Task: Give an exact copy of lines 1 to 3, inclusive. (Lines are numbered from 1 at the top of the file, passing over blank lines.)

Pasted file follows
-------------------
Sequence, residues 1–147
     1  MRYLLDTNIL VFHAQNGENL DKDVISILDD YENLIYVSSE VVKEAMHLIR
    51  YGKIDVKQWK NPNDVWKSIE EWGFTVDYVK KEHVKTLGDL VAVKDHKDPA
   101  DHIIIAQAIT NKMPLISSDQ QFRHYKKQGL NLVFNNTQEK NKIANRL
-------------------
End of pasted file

Sequence, residues 1–147
     1  MRYLLDTNIL VFHAQNGENL DKDVISILDD YENLIYVSSE VVKEAMHLIR
    51  YGKIDVKQWK NPNDVWKSIE EWGFTVDYVK KEHVKTLGDL VAVKDHKDPA